Similarly configured severs can be arranged in parallel. Servers can be added in parallel as needed to increase capacity. A load-balancing mechanism can be added at the front end to distribute messages among the parallel servers. However, the parallel servers need to be coordinated to ensure session integrity. Also, while admissions control can be done independently by each server, this results in messages being rejected by one server while there is ample capacity on another. It is not practical for the parallel servers to communicate with each other regarding each client request. While the coordination can, in principle, be performed at the load balancer, imposing additional processing requirements on the common node for all messages can result in an unacceptable performance bottleneck.
A tiered host site overcomes many of the problems facing a multi-server host site. A typical tiered host site has a client-response tier (e.g., web tier using HTTP protocol) and an application tier. (Conventionally, the client computers constitute a tier; thus, a two-tier host site would imply a three-tier system.) The application tier performs most of the resource-intensive work regarding the purpose of the site, while client-response tier typically provides the client interface. For example, the client-response tier can provide a web interface for a client, while the application tier handles e-commerce (electronic commerce) applications and maintains a database accessed by the applications. The application tier can manage sessions, tagging responses so that subsequent messages in the session can be identified as such. The client-response tier can use the session tags to generate cookies and/or links associated with session-specific URLs to direct subsequent client requests to the proper application server.
Each tier can be expanded independently as required. Since the client-response tier manages the distribution of messages to the application tier, application tier servers can be differentiated by function. Capacity can be increased by activating (adding, turning on, or re-allocating) a server dedicated to the stressed function so that the additional resources are not wasted on underutilized applications.
The client-response tier can utilize parallel similarly configured servers. Coordination among the parallel servers is facilitated by the session tags added by the application tier. Expansion of the client-tier capacity is then readily achieved by adding additional servers in parallel. Alternatively, the client-response tier can be configured as a load-balancing hub supported by other servers dedicated to specific client-response functions, such as encryption and decryption. While the hub approach does place additional burdens on the common-node load balancer, session tracking is still managed primarily at the application tier. A hubbed client-response tier can be expanded efficiently by adding servers dedicated to a specific function that is over utilized.
In a tiered site, the admissions control function is typically assigned to the client-response tier since it provides the front-end interface to the client computer. The admission control function can monitor local resource utilization effectively on a per-server basis. The admission control function on the client-response tier can monitor response times associated with requests to the application tier as a measure of its resource utilization. The resource utilization information about the client-response tier and the application tier then is used to determine the admissions control policy at any given time.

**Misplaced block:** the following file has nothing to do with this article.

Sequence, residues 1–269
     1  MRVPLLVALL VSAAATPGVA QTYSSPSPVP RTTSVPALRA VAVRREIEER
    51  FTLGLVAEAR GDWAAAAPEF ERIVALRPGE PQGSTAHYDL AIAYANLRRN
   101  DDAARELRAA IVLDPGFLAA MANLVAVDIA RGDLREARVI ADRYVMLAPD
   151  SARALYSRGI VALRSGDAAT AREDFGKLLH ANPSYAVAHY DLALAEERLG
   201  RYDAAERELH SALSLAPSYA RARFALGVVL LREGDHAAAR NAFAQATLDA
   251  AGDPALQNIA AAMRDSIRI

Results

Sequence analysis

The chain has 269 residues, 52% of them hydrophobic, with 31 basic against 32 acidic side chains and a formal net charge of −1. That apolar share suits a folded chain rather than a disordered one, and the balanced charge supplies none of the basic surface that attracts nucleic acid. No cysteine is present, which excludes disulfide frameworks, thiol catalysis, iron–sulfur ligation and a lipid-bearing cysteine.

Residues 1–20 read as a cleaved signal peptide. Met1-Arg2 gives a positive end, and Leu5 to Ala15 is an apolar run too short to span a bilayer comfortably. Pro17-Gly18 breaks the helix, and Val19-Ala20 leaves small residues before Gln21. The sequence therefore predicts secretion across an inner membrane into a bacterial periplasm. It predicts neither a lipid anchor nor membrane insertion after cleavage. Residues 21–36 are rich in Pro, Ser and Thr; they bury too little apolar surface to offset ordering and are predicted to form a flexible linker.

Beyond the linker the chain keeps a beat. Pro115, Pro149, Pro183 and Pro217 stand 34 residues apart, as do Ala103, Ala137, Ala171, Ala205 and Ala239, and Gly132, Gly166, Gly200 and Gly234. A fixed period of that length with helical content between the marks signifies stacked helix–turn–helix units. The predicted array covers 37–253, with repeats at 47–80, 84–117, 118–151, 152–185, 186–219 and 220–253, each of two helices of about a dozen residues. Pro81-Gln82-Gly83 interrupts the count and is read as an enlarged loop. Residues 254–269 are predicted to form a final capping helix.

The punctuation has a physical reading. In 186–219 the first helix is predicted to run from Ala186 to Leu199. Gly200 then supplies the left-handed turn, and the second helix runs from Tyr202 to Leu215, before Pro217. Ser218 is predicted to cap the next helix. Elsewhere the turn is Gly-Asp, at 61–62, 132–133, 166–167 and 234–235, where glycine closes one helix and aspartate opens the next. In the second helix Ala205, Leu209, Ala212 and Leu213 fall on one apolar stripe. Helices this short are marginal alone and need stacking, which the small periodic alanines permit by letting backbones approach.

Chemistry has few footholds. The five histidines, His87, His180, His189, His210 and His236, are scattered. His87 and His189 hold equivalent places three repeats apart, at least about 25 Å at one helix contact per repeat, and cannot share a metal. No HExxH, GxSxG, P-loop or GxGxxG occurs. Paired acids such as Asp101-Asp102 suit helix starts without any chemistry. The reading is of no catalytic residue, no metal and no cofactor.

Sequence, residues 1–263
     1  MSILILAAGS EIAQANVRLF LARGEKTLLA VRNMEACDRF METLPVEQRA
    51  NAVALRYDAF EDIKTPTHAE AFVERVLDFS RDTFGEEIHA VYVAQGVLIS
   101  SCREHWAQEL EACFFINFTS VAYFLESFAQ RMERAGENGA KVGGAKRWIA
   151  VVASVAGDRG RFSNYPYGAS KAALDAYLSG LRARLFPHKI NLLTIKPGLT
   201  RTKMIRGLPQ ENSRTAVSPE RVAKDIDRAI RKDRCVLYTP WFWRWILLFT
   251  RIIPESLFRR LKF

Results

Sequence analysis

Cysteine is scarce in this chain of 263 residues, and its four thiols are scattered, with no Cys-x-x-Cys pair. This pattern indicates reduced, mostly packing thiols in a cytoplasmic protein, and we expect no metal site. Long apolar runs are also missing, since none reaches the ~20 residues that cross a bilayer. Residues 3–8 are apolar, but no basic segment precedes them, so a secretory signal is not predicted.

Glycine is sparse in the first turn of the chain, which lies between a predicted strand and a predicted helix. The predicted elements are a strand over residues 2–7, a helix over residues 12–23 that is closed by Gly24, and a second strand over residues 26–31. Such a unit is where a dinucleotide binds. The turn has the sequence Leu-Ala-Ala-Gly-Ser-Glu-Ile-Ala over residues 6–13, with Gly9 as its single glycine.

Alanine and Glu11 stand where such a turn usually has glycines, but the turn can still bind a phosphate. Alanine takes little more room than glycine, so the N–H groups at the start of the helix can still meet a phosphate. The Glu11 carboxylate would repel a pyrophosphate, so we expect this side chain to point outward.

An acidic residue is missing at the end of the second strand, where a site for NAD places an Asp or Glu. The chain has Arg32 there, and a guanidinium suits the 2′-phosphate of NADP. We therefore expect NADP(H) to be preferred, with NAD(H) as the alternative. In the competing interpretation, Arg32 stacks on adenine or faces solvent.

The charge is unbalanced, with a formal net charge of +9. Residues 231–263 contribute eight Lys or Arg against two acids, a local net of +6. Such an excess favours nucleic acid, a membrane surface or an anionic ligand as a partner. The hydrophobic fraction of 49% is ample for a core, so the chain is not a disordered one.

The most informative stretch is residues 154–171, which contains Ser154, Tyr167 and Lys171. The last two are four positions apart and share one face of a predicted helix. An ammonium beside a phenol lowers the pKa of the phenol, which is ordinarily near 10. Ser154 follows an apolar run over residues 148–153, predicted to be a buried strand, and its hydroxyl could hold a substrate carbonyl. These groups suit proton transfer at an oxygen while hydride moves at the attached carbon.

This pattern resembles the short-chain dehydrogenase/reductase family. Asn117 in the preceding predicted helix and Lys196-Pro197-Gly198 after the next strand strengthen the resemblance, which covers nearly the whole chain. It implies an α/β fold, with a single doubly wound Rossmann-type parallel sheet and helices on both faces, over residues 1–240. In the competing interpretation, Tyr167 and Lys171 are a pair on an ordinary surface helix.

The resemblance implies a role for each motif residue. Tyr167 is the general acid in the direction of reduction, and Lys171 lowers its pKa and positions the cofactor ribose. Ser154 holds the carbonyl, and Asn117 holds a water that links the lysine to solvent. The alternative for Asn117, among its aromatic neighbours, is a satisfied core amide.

While the tiered host site approache provides for efficient scaling and for effective admissions control, there is an insatiable demand for better performance. In particular, there is a demand for better admission control, since it is a software component that can, in principle, be upgraded less expensively than the host site hardware. What is needed is more effective admission control for a tiered host site.
The present invention provides a network host site in which admission control determinations are made on a client-response tier using resource utilization data collected on an application tier. The invention further provides for admissions-control determinations that are also made as a function of resource-utilization data collected on the client-response tier. In addition to being used for admissions determinations, the resource utilization data can be used to request an increase or decrease of active server resources.
The host site has distinct client-response and application tiers in that each host-site server is assigned to at most one of the tiers. Servers that only handle client interfacing are assigned to the client-response tier, while servers that run non-interfacing applications but do not handle client interfacing are assigned to the application tier. Servers that handle both non-interfacing applications and client interfacing are assigned to the client-response tier.
The invention provides for a variety of tier configurations. The client-response tier can be configured as a single server, as a set of parallel servers with a load-balancing front end, or as a set of specialized servers managed by a routing hub. The application tier can have sub-tiers; for example, specialized application servers can be serviced by one or more database servers on a back end. Alternatively, the application tier can be arranged around a routing hub.
While application-tier performance can be assessed by the client-response tier, local application-tier resource monitoring has several advantages. First, the application server as a whole can be measured independently of the network and even other servers (such as the database). Also it allows for a disaggregated measure of an application's performance by resource components (for example, memory, CPU, I/O). Moreover, it allows each application to associate measurements with its own admissions classes and base them on session or even client identity.